First, they inserted electrodes into removed spider legs and into the brains of intact spiders. They put the spiders and the legs into a vibration-proof booth and played sounds from two meters (approximately 6.5 feet) away. The spiders and the legs responded to sounds from 100 hertz to 10,000 hertz.
Next, they played the five sounds that had triggered the biggest response to 25 spiders in the wild and 51 spiders in the lab. More than half the spiders did the "backward strike" move when they heard sounds that have a lower frequency similar to insect wing beats. When the higher frequency sounds were played, the spiders did not move. This suggests the higher frequencies may mimic the sounds of predators like birds.
University of Cincinnati spider behavioral ecologist George Uetz told Science that the results were a "surprise" that indicated science has much to learn about spiders as a whole. Because all spiders have these receptors on their legs, it is possible that all spiders can hear. This theory was first put forward by Walcott 60 years ago, but was dismissed at the time, according to the Cornell Chronicle. But studies of other spiders have turned up further evidence since. A 2016 study found that a kind of jumping spider can pick up sonic vibrations in the air.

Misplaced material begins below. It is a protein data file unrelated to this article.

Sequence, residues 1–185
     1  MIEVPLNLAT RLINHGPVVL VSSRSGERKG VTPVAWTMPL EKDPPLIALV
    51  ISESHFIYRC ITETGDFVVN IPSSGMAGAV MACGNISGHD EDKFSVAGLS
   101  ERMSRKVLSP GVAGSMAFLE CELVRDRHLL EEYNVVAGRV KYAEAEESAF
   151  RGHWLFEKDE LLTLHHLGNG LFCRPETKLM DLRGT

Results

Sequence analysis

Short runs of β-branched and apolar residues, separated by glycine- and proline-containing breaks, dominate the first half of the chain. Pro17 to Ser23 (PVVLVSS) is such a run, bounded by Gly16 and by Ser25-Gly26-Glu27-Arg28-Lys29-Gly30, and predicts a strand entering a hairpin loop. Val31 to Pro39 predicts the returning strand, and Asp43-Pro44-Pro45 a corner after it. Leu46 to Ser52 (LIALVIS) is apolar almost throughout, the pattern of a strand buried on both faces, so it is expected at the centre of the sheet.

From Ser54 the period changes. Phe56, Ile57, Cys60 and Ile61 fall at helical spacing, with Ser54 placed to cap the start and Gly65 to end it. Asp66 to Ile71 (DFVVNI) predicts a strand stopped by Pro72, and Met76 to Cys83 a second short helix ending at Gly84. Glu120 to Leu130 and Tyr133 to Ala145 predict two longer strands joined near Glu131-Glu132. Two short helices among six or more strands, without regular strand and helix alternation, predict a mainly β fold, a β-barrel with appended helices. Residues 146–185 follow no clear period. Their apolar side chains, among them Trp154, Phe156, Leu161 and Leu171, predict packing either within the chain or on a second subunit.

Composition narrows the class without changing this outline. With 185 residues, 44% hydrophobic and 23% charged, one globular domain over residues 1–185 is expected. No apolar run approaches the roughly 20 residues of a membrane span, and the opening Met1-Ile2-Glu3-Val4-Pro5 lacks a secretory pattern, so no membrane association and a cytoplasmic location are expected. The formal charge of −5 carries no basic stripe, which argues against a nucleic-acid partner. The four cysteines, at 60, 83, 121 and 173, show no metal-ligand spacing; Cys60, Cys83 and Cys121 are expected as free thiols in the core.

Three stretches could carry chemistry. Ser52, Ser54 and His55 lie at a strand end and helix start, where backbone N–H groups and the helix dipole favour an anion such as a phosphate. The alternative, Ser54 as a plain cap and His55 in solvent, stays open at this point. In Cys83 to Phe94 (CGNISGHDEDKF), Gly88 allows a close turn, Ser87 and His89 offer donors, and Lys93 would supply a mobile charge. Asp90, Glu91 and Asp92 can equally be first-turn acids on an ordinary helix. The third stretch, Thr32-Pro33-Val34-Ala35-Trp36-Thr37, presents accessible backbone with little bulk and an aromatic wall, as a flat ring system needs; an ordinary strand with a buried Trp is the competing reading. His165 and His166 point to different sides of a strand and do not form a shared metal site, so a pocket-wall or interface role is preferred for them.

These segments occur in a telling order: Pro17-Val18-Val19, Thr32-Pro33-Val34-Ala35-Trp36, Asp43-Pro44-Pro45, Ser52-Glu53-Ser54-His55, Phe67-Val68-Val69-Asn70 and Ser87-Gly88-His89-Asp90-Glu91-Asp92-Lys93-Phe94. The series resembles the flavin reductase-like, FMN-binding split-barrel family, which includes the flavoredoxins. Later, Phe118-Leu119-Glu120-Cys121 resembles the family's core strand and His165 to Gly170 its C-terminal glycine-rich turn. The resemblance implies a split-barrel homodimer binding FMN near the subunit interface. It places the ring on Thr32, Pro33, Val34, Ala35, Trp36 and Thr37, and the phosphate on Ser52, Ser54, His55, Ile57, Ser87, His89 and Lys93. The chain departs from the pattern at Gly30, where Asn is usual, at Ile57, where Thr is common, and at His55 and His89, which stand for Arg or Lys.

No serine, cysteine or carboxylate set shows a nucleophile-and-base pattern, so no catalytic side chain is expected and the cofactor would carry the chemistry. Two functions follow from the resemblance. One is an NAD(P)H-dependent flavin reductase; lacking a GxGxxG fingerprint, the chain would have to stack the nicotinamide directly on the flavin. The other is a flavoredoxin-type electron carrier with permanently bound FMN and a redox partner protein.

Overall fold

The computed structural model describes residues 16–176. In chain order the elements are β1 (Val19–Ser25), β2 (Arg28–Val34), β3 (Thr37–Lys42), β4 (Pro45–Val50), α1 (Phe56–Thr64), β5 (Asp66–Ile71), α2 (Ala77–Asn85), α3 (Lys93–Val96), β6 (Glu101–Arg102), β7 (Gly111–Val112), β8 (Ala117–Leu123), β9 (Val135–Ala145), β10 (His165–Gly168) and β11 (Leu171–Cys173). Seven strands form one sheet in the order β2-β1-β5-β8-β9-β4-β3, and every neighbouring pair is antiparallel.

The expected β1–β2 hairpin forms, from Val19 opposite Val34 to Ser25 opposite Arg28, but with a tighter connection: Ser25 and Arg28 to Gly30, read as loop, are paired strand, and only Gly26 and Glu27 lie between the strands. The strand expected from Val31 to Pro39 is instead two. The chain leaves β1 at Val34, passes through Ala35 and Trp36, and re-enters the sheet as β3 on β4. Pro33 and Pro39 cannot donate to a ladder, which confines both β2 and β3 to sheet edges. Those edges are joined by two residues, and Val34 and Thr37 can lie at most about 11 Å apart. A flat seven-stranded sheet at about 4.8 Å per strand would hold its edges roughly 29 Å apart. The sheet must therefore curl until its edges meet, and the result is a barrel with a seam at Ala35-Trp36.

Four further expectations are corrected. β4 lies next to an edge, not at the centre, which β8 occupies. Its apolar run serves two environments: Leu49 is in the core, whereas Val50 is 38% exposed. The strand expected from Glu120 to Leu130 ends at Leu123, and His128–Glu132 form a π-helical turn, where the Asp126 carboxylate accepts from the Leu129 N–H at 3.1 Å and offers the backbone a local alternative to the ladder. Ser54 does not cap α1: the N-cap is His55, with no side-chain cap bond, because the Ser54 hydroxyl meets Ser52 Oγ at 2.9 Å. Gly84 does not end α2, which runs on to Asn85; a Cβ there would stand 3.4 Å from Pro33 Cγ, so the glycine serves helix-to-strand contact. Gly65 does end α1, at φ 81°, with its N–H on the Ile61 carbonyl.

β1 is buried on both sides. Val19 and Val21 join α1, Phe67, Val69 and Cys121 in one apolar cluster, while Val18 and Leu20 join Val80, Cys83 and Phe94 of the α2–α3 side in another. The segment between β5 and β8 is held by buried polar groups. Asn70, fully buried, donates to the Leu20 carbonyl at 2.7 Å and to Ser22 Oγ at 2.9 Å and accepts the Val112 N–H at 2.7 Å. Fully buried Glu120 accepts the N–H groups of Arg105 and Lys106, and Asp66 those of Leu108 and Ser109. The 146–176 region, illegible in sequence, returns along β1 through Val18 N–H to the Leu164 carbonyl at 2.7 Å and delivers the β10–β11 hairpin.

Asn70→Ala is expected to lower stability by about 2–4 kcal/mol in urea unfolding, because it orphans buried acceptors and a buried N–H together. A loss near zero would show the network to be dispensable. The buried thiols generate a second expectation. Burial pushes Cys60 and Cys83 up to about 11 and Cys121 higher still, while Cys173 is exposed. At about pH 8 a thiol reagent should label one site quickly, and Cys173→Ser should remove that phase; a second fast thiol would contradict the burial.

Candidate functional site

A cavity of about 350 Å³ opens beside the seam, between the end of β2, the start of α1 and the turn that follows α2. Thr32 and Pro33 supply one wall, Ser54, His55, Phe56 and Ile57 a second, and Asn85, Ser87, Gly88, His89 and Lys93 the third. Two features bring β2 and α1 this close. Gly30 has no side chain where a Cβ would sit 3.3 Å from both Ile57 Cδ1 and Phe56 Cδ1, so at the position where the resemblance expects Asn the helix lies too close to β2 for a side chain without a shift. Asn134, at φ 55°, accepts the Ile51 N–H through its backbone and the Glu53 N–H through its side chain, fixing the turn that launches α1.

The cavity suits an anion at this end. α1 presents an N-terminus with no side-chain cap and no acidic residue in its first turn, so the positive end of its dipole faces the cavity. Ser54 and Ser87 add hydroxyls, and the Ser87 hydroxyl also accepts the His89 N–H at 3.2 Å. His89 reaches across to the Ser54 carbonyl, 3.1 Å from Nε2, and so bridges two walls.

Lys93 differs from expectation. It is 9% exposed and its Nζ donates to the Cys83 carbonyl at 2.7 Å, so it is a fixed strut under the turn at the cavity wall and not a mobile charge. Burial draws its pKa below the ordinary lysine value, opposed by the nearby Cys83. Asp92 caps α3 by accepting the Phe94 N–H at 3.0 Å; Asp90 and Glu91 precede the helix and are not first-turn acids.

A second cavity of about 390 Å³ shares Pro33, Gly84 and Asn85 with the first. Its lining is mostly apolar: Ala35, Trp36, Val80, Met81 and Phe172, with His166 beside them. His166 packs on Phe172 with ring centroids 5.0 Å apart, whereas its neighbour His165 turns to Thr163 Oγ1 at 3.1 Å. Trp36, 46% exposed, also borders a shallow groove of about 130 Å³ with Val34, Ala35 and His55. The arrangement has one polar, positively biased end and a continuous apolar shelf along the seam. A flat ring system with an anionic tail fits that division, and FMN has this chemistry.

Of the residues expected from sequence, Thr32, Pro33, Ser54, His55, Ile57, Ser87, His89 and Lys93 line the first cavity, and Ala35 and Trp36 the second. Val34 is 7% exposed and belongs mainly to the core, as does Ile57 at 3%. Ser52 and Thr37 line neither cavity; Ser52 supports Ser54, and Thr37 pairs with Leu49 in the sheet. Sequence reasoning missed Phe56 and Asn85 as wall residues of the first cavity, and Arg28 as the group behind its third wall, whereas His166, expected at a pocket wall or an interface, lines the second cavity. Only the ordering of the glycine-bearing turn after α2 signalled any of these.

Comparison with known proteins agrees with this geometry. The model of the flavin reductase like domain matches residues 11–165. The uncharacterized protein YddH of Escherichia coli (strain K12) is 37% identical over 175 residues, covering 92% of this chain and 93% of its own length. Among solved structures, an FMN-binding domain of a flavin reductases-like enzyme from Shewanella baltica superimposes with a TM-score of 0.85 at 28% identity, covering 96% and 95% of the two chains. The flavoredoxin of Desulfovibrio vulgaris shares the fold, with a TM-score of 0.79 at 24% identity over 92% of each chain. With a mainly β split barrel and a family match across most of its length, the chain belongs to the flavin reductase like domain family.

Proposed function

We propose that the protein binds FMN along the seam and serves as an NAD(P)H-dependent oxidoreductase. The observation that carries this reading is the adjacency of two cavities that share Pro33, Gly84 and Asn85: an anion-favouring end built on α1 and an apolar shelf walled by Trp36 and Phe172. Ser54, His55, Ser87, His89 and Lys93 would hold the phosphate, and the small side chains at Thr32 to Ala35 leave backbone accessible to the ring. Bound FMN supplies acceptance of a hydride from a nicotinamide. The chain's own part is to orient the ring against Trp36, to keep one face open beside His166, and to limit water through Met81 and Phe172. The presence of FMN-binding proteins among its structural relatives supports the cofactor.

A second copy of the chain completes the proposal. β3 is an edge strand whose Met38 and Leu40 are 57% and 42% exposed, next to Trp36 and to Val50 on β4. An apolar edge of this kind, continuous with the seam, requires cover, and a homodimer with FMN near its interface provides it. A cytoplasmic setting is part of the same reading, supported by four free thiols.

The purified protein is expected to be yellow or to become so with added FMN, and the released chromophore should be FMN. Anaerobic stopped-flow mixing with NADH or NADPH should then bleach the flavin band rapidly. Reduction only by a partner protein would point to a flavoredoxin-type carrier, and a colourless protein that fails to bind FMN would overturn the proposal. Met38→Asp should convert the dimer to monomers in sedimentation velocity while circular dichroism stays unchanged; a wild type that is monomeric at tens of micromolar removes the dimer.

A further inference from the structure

"We don't know diddly about spiders," Uetz told Science. "They are much more complex than people ever thought they were."
Learning more provides scientists with an opportunity to study their sensory abilities in order to improve technology like bio-sensors, directional microphones and visual processing algorithms, Stafstrom told CNN.
"The point is any understudied, underappreciated group has fascinating lives, even a yucky spider, and we can learn something from it," he told CNN.
In 'Road Map for a More Sustainable Future,' NY Regulator Tells Banks to Consider Climate Risks in Planning
By Brett Wilkins
Regulators in New York state announced Thursday that banks and other financial services companies are expected to plan and prepare for risks posed by the climate crisis.